One night in Seattle, pianist Bill Evans had dinner with dancer Bill Evans. The dancer, at the time, was prominent in the Northwest and was making a name for his dance company nationwide. He first danced professionally in 1966 and formed the Bill Evans Solo Dance Repertory in 1970. Four years later he formed the Bill Evans Dance Co. Over the course of his career, he choreographed more than 250 works, a number of which with jazz musicians. Two of these works were with the pianist Bill Evans—Double Bill (1978) and Mixin' It Up (1979).
Their little-known collaboration began after the pianist played a gig at Parnell's, a famously comfortable Seattle jazz club founded by Roy Parnell. After the performance, the dancer went backstage and invited the pianist out for a meal. At the restaurant, the dancer told the pianist that people had often come to his Bill Evans In Concert" shows in various cities expecting to hear the trio, not to see modern dance.
They laughed and then learned they both defined good technique as getting the biggest reward from the smallest expenditure of muscular energy. That evening, they decided to collaborate and did so in 1978 and 1979. The first event took place on March 17 and 18, 1978, at Meany Hall at the University of Washington in Seattle. According to notes from the dancer that appeared with the recent YouTube post of the performance, the work ran about 45 minutes and included several other Bill Evans compositions in addition to Waltz for Debby and Peace Piece.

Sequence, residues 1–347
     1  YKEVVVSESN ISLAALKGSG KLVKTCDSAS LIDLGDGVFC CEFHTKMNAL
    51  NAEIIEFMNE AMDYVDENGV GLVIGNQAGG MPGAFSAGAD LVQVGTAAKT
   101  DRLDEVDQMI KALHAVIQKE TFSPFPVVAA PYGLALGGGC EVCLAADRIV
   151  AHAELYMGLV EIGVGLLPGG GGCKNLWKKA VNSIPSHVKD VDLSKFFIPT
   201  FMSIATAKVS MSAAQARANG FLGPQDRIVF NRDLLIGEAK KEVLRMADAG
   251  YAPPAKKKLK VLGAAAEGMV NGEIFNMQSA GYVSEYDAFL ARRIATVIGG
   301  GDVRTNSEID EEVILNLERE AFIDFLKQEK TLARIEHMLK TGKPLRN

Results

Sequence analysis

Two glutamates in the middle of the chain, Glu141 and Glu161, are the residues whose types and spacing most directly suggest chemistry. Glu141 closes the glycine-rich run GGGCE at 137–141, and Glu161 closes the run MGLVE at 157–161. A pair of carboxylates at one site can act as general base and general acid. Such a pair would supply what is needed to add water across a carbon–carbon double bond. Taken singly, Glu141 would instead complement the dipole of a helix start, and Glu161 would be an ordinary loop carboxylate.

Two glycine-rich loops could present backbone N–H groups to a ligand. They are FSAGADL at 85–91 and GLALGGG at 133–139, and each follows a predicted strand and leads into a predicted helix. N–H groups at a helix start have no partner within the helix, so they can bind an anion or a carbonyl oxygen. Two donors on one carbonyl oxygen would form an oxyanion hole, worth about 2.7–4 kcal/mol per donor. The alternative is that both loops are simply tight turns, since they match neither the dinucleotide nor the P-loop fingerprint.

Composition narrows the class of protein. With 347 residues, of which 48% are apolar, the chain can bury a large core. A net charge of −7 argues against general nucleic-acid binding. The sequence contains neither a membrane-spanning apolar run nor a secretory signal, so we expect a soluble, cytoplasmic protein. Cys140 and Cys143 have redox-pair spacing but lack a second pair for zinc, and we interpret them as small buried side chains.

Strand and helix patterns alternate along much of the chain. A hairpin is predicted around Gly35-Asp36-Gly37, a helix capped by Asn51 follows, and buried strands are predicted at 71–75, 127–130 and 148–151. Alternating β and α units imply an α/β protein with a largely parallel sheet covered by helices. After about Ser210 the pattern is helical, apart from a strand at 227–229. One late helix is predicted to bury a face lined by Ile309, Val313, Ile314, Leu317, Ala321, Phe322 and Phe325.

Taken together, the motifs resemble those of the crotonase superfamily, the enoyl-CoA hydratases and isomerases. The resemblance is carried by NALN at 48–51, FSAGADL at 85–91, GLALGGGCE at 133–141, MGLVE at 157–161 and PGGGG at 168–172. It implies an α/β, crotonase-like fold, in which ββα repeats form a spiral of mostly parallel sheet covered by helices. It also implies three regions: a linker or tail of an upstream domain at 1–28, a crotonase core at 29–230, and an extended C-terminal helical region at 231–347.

The dancer continued:
I know that we danced to Waltz for Debby." Bill brought bassist Michael Moore and drummer Philly Jo Jones. We performed together again in 1979, also at Meany Hall. This time, we repeated Double Bill and added another 45-minute piece called Mixin' It Up.
The new piece was choreographed to Bill's recordings of jazz classics by other composers, including Nardis," Sweet and Lovely," How Deep Is The Ocean," Hi-Lilli Hi-Lo and other pieces, as well as an improvisation by his sidemen then—bassist Marc Johnson and drummer Joe LaBarbera. Reviews for both shows were overwhelmingly positive. We sold out the theatre for all performances. Working with Bill was one of the highlights of my performing career.
Here's the video, which seemed to be taken by the audience member but still affords us a look at Bill Evans the pianist accompanying Bill Evans the dancer with his dance company and how the pianist altered his playing to fit the dancers' needs...
This story appears courtesy of JazzWax by Marc Myers.
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